A Worthy Organization

Yesterday at Sts. Anargyroi we had the pleasure of a visit from Nancy and Basil “Bill” Tolos, who of course are no strangers to our community.  Bill is the vice-president of the New England Amputee Association, a group which provides support for new amputees.  From their website:

Our team of Amputee Coalition Certified Peer Visitors are ready to assist victims and their families from the recent bombing in Boston. Our Peer Visitors are trained in and offer the following services at no charge:
Moral and emotional support for the amputee and their family
Answers to the many questions about limb loss from the perspective of someone who has been through it
Sharing of experiences and resources
Guidance for “what’s next?” in the recovery process

Bill underwent a leg amputation several years ago, and in true Bill fashion is now a certified peer advisor and VP of the organization.  He understands the difficulty of all of a sudden being without a limb and not knowing what comes next.  We passed a tray at the end of service to benefit the group and raised $400.  For those who were not there or perhaps did not have cash on them you can click on the link above to donate to the group.

A fun postscript to this story – Bill recently got a new prosthetic leg and decided to go all out – it has the Boston Red Sox logo on it!

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April 22nd, 2013 by Fr. Greg

Of Potlucks And Cooking Demos

Yet another food post!  Lenten fasting is designed partly to get our focus off of food and this is my second food-themed post in a row.  Oh well…

Many areas where there are several Orthodox churches have the practice of rotating Presanctified Liturgy among them and having a potluck dinner afterwards, which is a nice way to incorporate post-liturgy fellowship and balance out the penitential aspect of the service with some social interaction.  The Worcester churches do this, with the people from the host parish naturally providing most of the food.  In Marlborough we host all of the services, and I didn’t want to saddle our people with a potluck each week, so I decided this year to try alternating potluck dinners with a cooking demonstration by a local celebrity chef every Wednesday. So last week we had a nice modest potluck, and this past Wednesday we had our first celebrity chef.  Evangelia “Lika” Velentzas, a dear friend and proprietor of Auburn Town Pizza, attended service and afterwards gave us a well-received cooking lesson in the kitchen of our Hellenic Hall.  Lika had astoundingly delicious fasolada – white bean soup – for us to eat while she showed us how to make a Lenten Israeli couscous salad.  We then ate the salad and finished with dessert provided by Amalia.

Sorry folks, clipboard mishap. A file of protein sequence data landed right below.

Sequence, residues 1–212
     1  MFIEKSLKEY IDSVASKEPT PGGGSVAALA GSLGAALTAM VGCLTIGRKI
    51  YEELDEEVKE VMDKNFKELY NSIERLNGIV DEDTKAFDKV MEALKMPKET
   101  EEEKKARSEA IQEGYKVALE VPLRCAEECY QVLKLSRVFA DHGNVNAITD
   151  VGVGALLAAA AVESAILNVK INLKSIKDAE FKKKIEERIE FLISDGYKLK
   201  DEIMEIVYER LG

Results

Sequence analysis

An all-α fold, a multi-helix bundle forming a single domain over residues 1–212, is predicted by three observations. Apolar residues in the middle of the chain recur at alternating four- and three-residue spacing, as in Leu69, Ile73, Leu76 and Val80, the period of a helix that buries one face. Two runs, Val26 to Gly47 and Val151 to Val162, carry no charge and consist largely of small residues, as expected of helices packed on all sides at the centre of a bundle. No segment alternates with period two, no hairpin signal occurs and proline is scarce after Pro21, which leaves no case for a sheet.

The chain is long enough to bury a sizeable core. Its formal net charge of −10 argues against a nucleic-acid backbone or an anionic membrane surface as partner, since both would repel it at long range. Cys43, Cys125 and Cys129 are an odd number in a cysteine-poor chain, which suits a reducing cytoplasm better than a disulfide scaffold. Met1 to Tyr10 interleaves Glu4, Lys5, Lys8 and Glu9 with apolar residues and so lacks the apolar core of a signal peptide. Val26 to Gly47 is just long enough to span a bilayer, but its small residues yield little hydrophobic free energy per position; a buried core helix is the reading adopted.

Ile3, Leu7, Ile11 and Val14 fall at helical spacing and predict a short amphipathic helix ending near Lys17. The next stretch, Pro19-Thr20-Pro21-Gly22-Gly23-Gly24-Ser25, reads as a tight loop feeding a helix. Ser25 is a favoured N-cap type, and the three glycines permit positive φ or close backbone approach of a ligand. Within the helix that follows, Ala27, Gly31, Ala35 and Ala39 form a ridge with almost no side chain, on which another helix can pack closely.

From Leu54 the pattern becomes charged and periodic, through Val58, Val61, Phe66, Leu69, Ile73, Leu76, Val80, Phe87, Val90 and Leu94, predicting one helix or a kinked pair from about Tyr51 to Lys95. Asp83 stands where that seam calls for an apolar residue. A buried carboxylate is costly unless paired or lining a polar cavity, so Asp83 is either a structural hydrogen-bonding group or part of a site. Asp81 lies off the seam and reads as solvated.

This was a new experience for all of us.  Lika asked me how many people to expect and I optimistically said twenty to thirty, and wouldn’t you know we had twenty-eight people!  We all fit reasonably well in the rearranged kitchen and enjoyed the food as well as Lika’s well-delivered lesson.  My personal favorite part was when she added paprika and mentioned that the key is to use smoked paprika – there was an audible “hmmmm” from the audience when she said this and I had to laugh.  Lika then distributed copies of the recipe but maintained that the fasolada was a family secret (although she did share it privately with anyone who asked).  It was a great night.  A couple of pictures are below, and more are on the website.  Many, many thanks to Lika for donating her time, talent and treasure to make this such a memorable event!